Add a Pool” – this option allows to have more than one pool of drives.  If you have more than one pool of drives, you’ll have a minimum of one drive letter per pool.  In WHS 2011, you cannot have an “Unmanaged Pool”.

Select a Pool” – not necessary if you have one pool, which I imagine almost everyone will have.  However, if you have more than one pool, YOU MUST SELECT WHICH POOL YOU WANT TO IMPLEMENT THE CHANGE IN BEFORE YOU PERFORM A TASK.

I found this out the hard way when I “Converted a Drive”.  I had created my 2nd pool and figured it would ask me which pool I wanted to add it to – WRONG!  You have to select the pool in which you want to perform a task, shutdown the Dashboard and restart it.

Not a great way to do it, but again, I bet 95% of the users will never have more than one pool.

Select a Pool” or “Delete a Pool” – you’ll select which pool you want to be the active pool to perform tasks against.  Again, you’ll need to shut down and restart the Dashboard.  If you choose to “Delete a Pool”, you’ll select a pool first before deleting it.

Pool Maintenance and Repair” – this gives you three options:

  1. “Restore a pool(s) from drives” – use this option if your OS drive crashes and you have to rebuild your entire pool.   WARNING: There are specific steps that need to be completed for WHS 2011 systems.  I’ll address those in Part 6.
  2. “Repair one or more pool configurations” – this is if a registry file becomes corrupted and allows you to repair the pool.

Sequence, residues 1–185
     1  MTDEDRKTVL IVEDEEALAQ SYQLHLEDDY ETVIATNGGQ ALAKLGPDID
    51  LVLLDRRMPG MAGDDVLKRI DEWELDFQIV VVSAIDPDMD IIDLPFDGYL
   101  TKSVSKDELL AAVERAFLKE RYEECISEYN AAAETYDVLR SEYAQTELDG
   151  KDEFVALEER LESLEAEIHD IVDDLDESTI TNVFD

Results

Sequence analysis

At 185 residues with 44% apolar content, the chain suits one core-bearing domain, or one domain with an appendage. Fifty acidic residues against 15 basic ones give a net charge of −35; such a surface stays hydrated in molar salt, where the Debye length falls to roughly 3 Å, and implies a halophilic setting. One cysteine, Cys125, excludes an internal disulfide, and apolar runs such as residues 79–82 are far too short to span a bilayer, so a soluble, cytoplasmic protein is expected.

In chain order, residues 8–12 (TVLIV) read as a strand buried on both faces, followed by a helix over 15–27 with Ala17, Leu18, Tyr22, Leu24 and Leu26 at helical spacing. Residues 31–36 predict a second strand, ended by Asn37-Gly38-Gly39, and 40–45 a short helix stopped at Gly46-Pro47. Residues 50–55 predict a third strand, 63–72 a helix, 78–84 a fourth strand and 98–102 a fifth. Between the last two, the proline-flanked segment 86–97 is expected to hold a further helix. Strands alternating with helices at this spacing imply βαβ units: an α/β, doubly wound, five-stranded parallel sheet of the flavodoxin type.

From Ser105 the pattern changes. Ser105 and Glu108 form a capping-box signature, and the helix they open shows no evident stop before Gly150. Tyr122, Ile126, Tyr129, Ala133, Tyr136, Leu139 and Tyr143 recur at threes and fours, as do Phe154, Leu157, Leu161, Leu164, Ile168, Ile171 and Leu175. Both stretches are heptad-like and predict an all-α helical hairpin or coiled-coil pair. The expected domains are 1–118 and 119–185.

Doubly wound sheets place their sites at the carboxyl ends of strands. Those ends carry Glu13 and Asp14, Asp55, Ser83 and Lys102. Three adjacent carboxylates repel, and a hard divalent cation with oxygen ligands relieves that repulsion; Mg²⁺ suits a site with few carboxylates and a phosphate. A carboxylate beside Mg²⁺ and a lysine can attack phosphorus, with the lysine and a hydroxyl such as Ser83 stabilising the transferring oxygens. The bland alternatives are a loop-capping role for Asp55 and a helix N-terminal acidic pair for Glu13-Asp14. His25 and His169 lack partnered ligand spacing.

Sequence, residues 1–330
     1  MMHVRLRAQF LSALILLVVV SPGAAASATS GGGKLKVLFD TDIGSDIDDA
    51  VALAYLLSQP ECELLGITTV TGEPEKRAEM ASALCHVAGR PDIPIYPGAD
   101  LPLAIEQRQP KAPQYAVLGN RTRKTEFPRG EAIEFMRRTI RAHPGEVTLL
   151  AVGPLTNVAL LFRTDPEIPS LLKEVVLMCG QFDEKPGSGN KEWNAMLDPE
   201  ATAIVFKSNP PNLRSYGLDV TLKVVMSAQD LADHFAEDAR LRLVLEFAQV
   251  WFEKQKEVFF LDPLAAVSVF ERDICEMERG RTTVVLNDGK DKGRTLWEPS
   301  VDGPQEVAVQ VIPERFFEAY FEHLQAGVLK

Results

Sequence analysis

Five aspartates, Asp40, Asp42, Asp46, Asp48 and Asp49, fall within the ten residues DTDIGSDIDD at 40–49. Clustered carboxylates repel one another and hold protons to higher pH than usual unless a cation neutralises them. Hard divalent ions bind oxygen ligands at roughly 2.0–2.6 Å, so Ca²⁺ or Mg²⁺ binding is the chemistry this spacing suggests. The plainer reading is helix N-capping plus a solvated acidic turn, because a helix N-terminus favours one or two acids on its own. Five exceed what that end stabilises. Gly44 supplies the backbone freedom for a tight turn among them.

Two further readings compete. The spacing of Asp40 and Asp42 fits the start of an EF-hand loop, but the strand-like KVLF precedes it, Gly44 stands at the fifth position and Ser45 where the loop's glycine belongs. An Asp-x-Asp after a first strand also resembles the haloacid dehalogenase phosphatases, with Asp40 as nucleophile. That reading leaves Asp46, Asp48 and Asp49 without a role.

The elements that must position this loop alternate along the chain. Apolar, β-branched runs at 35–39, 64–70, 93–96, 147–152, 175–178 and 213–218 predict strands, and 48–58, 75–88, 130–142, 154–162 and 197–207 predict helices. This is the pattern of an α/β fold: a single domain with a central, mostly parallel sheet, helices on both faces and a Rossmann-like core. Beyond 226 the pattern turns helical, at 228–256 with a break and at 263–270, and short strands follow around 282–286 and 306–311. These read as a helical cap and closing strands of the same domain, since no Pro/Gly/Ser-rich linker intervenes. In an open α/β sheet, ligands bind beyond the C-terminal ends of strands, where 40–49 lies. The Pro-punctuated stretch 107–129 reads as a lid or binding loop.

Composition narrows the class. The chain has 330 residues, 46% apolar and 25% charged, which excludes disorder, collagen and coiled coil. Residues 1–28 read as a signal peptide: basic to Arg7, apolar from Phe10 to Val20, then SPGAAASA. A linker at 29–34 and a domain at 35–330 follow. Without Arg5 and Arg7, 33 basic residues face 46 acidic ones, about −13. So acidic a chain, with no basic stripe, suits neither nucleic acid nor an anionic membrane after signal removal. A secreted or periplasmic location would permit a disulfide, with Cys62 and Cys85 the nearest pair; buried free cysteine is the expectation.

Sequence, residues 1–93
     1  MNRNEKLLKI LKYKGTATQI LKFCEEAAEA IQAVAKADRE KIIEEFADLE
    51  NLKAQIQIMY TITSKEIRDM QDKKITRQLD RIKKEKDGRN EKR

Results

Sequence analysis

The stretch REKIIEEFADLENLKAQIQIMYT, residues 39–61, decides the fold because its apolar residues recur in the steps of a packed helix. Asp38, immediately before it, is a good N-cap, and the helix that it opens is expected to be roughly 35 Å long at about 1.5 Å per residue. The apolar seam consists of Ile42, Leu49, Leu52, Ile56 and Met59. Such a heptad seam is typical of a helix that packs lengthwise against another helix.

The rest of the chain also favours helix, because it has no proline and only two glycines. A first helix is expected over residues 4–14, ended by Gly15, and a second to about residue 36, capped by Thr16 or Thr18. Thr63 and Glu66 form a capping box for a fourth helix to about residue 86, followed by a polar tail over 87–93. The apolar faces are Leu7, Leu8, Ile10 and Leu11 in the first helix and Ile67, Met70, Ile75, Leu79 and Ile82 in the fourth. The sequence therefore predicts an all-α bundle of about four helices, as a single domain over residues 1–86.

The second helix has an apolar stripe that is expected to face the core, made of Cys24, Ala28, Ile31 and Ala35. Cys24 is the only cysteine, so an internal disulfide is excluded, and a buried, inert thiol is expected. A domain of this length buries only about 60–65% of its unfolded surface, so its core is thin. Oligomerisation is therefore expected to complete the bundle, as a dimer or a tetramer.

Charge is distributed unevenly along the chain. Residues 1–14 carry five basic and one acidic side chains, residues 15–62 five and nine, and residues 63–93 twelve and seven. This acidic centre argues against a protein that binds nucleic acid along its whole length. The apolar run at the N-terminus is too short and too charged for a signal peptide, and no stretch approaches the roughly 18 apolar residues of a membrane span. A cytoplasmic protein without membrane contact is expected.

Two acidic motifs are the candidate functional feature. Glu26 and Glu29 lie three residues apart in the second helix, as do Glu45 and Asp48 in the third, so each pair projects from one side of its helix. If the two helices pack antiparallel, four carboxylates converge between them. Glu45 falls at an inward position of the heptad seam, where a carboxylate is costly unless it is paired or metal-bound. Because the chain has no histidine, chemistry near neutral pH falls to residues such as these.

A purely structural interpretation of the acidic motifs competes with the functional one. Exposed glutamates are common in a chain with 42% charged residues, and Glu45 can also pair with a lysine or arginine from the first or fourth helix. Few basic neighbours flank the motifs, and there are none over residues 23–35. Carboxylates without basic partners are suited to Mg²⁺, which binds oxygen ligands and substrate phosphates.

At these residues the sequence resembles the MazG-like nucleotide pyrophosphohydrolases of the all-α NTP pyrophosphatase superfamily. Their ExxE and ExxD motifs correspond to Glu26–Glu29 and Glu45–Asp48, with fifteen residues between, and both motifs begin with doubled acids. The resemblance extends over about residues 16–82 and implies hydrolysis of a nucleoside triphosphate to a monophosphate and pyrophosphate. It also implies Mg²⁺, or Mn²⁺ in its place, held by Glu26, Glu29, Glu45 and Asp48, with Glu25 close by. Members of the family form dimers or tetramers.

3. “Repair/Rebuild a specific Drive Bender Pool” – this is the option to use if a hard drive fails.

Running Transactions and Tasks” – is a “Task Manager” that allows you see what’s running and the percentage completed.

System Notifications” – gives you an alert of any important Drive Bender notifications.

System Logs” – detailed log of tasks performed.

Settings” – allows you choose several different options on how Drive Bender operates.

The “Map pooled drives to mount folder” option allows you to see a drive without using a drive letter.  Below are two images that show hard drives unmounted and mounted:

The “Performance” tab allows you to minimize the system resources Drive Bender requires.

The “Safety” tab choices allow you to determine how files are validated as well as how well the drives are balanced.

The “WHS” tab allows you to choose if you want certain options to appear in the WHS Dashboard.  When the “Show Pool Management Options” is unchecked, this removes the “Add, Delete, or Select a Pool” options.

While Drive Bender does a good job for providing various options for managing your Drive Pools in the way you choose, it also has added an extra level of complexity for the average WHS user.  Most of the WHS users would prefer a more minimalist presentation. The new “Wizard” feature was a good start in keeping the options and presenting them in less confusing manner.  Hopefully Drive Bender will continue to build on this for future versions.

Part 5 will be how to “Import Your WHS v.1 Data Drives Into WHS 2011″. That’s right, I was able to successfully import about 7TBs of data into my WHS 2011 in less than an hour.  A little preparation and you’ll be able to take your data drives quickly and easily into WHS 2011 using Drive Bender.

This is part of a multi-part review of the Drive Bender software for Windows Home Server 2011.
Part 1: Introduction to Drive Bender